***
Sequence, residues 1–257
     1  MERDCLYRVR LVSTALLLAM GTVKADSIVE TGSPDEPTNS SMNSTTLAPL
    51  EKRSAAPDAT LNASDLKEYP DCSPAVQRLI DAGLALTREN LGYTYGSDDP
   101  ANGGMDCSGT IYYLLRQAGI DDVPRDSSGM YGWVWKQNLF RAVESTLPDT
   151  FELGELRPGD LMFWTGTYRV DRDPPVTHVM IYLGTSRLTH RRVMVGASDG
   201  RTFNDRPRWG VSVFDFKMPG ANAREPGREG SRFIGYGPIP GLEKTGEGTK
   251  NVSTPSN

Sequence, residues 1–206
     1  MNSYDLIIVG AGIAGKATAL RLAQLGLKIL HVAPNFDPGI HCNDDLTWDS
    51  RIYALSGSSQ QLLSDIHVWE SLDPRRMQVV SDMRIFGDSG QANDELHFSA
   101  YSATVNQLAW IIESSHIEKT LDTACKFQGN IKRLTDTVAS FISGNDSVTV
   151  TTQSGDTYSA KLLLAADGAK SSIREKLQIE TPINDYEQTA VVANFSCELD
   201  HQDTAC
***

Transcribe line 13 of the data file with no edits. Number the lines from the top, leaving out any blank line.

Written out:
   201  HQDTAC